In the beginning of this week’s Parsha, G-d commands the Jewish people to take pure oil from crushed olives. The purpose of this was to light the menorah in the Mishkan - and later the Bais Hamikdash. The Torah says the lighting is “Tamid” - to raise a fire forever. Now, how could this lighting be forever? The menorah was not lit just one time by Aharon, then stayed lit for more than four hundred years until the destruction of the Mishkan and then lit again when the Bais Hamikdash was built and remained shining for more than 400 years until its destruction by the Babylonians. The menorah was lit in the Mishkan and Bais Hamikdash every day late in the afternoon and only had to burn until sunrise the next day. It was a daily service. So, what does the Torah mean that it burned “always”?
Rashi makes note that the word “Tamid” is not always “always”. Sometimes, it means constantly. Regarding the menorah, the Torah is not commanding that it always remain lit. Rather, the Torah is teaching us that it must be constantly lit – every day.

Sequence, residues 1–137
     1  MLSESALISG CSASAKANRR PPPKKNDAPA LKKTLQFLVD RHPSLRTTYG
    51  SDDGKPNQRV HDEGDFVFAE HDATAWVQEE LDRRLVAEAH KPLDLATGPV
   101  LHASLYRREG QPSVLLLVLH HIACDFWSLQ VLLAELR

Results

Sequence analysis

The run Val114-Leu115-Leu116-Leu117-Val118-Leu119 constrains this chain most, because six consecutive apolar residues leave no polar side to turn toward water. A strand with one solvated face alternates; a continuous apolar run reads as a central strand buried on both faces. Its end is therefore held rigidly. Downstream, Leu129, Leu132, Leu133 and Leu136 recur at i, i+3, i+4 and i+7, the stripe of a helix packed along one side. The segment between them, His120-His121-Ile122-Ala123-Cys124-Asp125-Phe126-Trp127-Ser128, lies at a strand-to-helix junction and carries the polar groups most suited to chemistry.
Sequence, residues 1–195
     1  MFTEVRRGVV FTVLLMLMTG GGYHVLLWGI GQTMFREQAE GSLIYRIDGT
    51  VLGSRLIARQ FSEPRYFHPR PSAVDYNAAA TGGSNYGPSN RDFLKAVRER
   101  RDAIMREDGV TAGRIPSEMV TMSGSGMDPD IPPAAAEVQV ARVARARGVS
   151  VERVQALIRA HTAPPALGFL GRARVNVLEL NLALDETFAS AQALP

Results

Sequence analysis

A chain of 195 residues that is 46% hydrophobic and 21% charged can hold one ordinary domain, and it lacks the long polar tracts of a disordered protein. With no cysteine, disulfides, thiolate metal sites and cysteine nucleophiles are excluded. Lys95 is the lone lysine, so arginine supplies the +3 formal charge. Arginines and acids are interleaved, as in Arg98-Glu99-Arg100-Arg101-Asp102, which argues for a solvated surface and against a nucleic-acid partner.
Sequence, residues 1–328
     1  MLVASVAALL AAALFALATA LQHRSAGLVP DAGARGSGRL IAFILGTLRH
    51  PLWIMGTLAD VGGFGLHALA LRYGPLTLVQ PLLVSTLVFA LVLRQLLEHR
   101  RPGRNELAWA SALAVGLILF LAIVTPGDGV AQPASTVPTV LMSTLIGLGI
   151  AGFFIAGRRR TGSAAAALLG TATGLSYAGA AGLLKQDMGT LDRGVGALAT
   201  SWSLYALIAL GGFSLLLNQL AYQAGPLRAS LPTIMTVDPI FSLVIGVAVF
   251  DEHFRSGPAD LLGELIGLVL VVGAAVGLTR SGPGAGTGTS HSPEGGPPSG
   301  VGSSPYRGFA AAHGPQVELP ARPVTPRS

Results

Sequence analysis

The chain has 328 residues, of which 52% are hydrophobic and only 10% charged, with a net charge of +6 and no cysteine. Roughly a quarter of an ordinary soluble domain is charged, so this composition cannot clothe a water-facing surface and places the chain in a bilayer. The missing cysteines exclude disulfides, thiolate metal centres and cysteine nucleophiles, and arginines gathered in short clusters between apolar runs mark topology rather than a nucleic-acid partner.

We perform mitzvos - so to speak - light the menorah to brighten the world. We are human beings. It is difficult for most of us to be always involved in performing mitzvos. We have responsibilities to our families, our jobs and ourselves. However, it is essential that we are engaged with mitzvos on a constant basis.
We have people who come to minyan on a daily basis – the morning, afternoon or both. That is Rashi’s definition of “Tamid”. They are not here 24 hours. However their presence is constant. They are lighting a fire for the Jewish people. We don’t always daven, but we daven three times every day. We don’t always eat, but whenever we do eat, we say brachos. We don’t always talk, but when we do, we are careful with our speech. We don’t learn 24 hours a day, but we must have a constant schedule for Torah study.
This idea of constant also applies to other Mitzvos. When we give tzedaka, the Rambam writes that it is better to give one dollar one hundred times rather than $100 once. That way, one becomes accustomed to giving tzedaka. It becomes a constant in one’s lifestyle.
Our service to G-d must be “Tamid” - constant.